Caldwell’s proposed operating budget also moved forward. Adoption of the final budget will likely occur in late June.
Council members Carol Fukunaga, Ann Kobayashi, Ernie Martin and Trevor Ozawa all voted against proposed increases to the vehicle weight tax and parking meter fees, but the measures passed.
It was the same story for increases in admission fees for the Honolulu Zoo and green fees for municipal golf courses, as well as Bill 28, which would increase fees for TheBus and TheHandi-Van.
Paratransit riders, some blind or otherwise disabled, and some members of Citizens for a Fair ADA Ride testified against Bill 28. If it gains final approval, it would increase the $2-per-trip fee for TheHandi-Van by 50 cents per year until it reaches $4.
“A lot of Handi-Van riders are on a fixed income,” Lori Tanigawa testified.
Councilwoman Kymberly Pine suggested the council come up with a tiered system to charge Handi-Van users according to their income.
Martin said he wants to make The Handi-Van service fully subsidized. It’s currently 95 percent subsidized, according to Wes Frysztacki, director of the Department of Transportation Services.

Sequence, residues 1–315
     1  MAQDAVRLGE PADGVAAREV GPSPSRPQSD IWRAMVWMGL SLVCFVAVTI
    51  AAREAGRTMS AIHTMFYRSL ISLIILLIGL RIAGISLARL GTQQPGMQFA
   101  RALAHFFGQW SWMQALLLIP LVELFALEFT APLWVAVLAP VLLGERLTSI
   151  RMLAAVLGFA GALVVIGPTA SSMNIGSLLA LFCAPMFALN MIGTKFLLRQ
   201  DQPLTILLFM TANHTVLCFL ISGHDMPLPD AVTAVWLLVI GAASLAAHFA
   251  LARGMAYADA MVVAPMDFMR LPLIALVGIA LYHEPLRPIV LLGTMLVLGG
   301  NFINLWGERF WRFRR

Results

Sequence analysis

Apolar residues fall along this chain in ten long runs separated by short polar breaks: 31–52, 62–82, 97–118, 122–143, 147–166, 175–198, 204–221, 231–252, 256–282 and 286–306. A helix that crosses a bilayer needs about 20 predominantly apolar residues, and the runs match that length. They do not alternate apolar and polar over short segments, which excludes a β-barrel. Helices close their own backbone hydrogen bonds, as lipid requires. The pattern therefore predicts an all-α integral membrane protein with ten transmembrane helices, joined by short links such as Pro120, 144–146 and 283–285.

The bill would increase fares for TheBus from $60 for a monthly pass to $80 by 2019. The cost of a single ride would increase from $2.50 to $3.25.
Windward Oahu resident Casey Connors recommended the city evaluate bus routes to increase efficiency and advertise TheBus to tourists to increase ridership.
Rick Egged, president of the Waikiki Improvement Association, recommended the city tax transient accommodations, including Airbnb units, rather than hotels to generate revenue. Egged estimated there are at least 4,000 units in Waikiki and 4,000-6,000 more throughout the island.
The resolution passed the council on a 6-3 vote after Ozawa and Martin cited concerns about the welfare of the tourism industry.
“I’m not just voting no to vote no. I’ve proposed a number of cuts to the operating budget,” Ozawa said. “I’m unable to go forward with increases if my decreases are not considered.”
Ozawa and Martin both proposed a slew of cuts to this year’s proposed executive operating budget, but the Budget Committee deferred almost all of them at an April 11 meeting.